How Does the App Work?
Overall, I found using the Zizzle app extremely intuitive and user friendly. Once you download and open up the app, you’re asked to create an account by entering your email and password (your learning history will be saved to this login). You are then given a brief introduction to the app and how you can learn new Chinese characters in just two minutes. After reading through the intro, you’re then taken to the introduction deck where you can start learning.
The main screen for each deck shows a list characters as well as the pinyin pronunciation and the English translation. You can start at the top of the list and the app will take you through it step-by-step for as long as you feel like studying, or you can skip around and learn the characters of your choice in whatever order you like.
Once you select a character, you’re shown its breakdown (if it contains multiple components), followed by a short story with illustrations that are designed to help you remember the meaning, sound, and visual aspects of each character. Once you read through the story, you then begin a quiz that tests you on each of the mentioned elements. Your final score is then added to your overall progress bar.
After completing the quiz, you’re taken to a page that shows you a few examples of the character used as a part of words and within sentences. There are audio clips for each of the examples as well.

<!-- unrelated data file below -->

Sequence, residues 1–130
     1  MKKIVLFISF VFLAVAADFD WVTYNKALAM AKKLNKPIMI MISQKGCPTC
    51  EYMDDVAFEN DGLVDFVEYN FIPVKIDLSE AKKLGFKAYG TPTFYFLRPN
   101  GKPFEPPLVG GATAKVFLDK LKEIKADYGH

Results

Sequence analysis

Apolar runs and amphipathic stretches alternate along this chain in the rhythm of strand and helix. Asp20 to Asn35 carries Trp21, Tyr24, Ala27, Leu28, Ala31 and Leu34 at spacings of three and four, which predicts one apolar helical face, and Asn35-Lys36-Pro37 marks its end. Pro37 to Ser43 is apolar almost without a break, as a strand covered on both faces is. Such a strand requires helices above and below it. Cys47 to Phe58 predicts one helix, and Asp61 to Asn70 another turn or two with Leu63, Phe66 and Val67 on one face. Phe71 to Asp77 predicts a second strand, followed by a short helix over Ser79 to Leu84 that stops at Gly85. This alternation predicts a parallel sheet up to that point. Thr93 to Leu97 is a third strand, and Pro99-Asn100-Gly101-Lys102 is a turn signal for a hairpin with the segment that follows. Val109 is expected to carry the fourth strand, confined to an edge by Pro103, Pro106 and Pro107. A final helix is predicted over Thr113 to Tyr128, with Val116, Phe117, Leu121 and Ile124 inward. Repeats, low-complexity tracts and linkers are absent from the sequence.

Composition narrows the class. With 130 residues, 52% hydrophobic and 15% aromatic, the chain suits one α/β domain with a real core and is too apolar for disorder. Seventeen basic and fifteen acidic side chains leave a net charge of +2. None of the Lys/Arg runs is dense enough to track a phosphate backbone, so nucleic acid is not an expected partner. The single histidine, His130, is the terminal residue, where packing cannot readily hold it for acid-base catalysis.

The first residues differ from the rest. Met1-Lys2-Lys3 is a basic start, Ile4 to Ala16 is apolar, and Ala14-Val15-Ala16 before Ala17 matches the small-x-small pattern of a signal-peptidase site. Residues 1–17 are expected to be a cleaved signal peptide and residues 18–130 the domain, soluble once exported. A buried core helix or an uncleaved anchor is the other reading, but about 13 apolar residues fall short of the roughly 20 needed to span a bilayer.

My Thoughts on Zizzle
I enjoyed the way that Zizzle uses stories to help you remember characters. The various elements that they use to help you recall the sound, meaning, and visual for each character seem to be quite effective. Some of the stories are a little strange, but that likely plays into their memorability. Plus, they tap into two memorization techniques, both mnemonics and spaced repetition (for the review sections), to ensure that learners have every opportunity to really master Chinese characters.
The interface is very nicely designed and it’s easy to navigate through the various exercises, so it makes study hassle free. Plus, the fact that Zizzle is a mobile app with 2 minute per character study makes this the perfect tool for when you’re on the go or pressed for study time.
I also really liked the character breakdowns that are displayed when you start getting into more complicated characters. I’ve always found that knowing how they break down helps me remember them (I’ve never forgotten how to say “to wear” because I thought it was odd that the character was made up of “cave” and “tooth” and there is something to say about how what we perceive as strange bits of information tend to stick with us).